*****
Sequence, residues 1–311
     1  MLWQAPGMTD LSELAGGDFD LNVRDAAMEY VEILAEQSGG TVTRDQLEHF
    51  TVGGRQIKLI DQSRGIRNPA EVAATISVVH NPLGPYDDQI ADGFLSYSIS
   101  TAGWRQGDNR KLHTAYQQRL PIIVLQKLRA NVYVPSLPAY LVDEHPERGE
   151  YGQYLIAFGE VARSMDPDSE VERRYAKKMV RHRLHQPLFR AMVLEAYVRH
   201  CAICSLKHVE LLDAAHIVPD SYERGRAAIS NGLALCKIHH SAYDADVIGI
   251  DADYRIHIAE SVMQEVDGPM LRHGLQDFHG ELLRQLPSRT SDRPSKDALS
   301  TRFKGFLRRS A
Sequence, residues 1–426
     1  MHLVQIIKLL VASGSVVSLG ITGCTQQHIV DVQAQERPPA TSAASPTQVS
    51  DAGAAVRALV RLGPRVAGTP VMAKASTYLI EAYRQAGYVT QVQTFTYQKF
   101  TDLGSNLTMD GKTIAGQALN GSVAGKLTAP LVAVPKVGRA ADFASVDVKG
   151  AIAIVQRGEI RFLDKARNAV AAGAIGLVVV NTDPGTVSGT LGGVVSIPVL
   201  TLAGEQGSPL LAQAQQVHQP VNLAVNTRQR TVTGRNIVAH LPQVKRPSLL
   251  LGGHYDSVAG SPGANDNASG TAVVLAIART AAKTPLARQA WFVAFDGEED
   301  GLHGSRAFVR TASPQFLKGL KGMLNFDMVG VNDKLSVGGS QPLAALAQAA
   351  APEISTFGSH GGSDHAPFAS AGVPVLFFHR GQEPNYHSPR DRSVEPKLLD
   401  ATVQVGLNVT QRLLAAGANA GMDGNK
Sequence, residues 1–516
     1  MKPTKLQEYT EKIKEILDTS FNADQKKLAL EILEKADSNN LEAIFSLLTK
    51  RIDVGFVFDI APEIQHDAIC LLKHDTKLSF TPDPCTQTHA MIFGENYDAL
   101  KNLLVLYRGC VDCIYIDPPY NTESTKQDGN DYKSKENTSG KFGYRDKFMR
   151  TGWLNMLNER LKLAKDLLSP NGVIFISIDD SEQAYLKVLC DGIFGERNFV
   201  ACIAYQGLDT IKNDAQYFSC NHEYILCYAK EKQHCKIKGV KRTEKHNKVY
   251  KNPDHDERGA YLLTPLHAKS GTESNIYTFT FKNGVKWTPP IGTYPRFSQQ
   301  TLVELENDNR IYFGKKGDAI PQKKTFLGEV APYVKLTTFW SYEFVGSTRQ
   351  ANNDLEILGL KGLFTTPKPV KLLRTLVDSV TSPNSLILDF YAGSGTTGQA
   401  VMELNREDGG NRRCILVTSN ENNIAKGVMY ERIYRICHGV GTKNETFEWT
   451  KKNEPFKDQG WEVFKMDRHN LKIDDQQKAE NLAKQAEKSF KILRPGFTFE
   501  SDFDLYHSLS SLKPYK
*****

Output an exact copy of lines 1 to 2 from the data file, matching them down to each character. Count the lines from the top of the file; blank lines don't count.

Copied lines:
Sequence, residues 1–311
     1  MLWQAPGMTD LSELAGGDFD LNVRDAAMEY VEILAEQSGG TVTRDQLEHF